The unique and unexplored world’s natural territories offer an opportunity to spark designers’ imagination and practices in search of new solutions to everyday needs. The rapid exploitation of natural resources has accelerated climate change, making us question how can we redesign our relationship with the environment without placing at stake its biodiversity? How can the intersection between science and design take research one step further? Is it possible for scientist to question how can their knowledge be used to solve real world problems? Is it possible for designers to incorporate scientific processes in their design practice to widen the scope and impact of their projects?
– – – – – – – Call for abstracts – – – – – – –
The Scientific Committee Cumulus Bogotá 2019 is calling for abstracts related to the main topic of the conference this year, The Design After. The conference’s main goal is to imagine the possible scenarios design will be dealing in the near future, especially regarding the challenges posed by environmental and demographic critical issues. The Scientific Committee, invites design stakeholders to submit proposals reflecting on ideas, utopias, dystopias, design case studies, urban/rural planning; new technologies; artistic interpretations; thought experiments; pedagogical approaches; theoretical frameworks and strategies, to imagine what design would look like after its heyday. Submitted proposals must fit into any of the five following topics.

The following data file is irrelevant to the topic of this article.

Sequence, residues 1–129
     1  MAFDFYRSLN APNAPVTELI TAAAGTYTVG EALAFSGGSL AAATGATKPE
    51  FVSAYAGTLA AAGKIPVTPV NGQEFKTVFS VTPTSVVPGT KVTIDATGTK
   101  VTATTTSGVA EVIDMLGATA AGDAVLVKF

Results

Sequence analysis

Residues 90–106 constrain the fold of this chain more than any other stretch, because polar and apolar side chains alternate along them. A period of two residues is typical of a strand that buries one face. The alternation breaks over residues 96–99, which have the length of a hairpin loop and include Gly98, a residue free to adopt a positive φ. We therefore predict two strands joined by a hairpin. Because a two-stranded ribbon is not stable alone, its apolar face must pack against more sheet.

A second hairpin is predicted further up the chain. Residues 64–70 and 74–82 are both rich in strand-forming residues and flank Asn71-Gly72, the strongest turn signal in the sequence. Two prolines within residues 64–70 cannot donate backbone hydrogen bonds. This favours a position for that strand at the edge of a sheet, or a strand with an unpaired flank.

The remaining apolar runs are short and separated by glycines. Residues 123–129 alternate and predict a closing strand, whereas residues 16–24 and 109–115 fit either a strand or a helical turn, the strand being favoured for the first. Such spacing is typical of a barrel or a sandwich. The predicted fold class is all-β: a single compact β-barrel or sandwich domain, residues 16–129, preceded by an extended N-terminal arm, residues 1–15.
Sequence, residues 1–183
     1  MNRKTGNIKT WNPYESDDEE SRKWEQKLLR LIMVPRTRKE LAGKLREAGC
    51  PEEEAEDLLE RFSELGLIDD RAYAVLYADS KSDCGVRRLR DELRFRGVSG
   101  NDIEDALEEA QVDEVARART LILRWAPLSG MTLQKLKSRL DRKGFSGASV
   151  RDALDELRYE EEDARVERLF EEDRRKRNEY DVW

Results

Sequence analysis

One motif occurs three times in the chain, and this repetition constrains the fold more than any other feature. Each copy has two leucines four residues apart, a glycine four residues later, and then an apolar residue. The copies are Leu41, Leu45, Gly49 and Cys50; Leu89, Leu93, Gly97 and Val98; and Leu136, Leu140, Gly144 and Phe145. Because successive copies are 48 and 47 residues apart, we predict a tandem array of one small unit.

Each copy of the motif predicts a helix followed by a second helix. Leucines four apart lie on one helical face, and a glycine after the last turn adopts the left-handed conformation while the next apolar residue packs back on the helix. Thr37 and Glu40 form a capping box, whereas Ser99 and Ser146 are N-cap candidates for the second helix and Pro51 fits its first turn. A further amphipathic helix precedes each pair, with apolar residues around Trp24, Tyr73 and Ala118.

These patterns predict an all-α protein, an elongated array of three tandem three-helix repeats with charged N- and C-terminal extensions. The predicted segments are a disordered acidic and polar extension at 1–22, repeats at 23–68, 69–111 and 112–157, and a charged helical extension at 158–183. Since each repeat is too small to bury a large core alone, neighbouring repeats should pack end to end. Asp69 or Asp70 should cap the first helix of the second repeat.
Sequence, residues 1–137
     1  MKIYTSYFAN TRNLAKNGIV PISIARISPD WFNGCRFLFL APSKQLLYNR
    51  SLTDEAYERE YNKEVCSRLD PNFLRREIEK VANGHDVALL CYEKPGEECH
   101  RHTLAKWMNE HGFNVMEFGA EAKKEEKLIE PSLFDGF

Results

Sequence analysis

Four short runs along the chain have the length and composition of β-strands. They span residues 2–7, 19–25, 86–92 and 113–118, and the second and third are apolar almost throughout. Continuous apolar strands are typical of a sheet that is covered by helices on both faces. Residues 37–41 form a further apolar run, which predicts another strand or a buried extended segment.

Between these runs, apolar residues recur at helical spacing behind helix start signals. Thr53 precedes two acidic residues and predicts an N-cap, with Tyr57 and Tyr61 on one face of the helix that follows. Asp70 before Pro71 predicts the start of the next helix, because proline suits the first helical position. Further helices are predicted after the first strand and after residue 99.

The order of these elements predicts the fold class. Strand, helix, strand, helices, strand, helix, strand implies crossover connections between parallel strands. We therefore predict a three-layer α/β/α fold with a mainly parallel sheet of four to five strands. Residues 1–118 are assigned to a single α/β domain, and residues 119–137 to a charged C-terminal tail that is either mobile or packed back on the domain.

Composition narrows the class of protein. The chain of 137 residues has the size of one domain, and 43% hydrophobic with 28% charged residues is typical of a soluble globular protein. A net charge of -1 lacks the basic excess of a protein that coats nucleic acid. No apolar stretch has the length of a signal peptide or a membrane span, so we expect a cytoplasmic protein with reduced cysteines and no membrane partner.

Sensing the City, Sensing the Rural
Somewhere, Nowhere: Wicked Design
De-innovation, Fiction, and Autonomy
Design and Counterculture
Abstract word limit: 150-250
Full paper word limit: 2500-3000
All submission must follow APA standards for formatting and style guide
Opening of call for abstracts: February 25, 2019
Deadline for call for abstracts: March 28, 2019
Notification of abstract acceptance: April 11, 2019
Deadline for full papers: May 17, 2018
2nd round feedback: June 4, 2019
Deliver of the final paper: June 17, 2019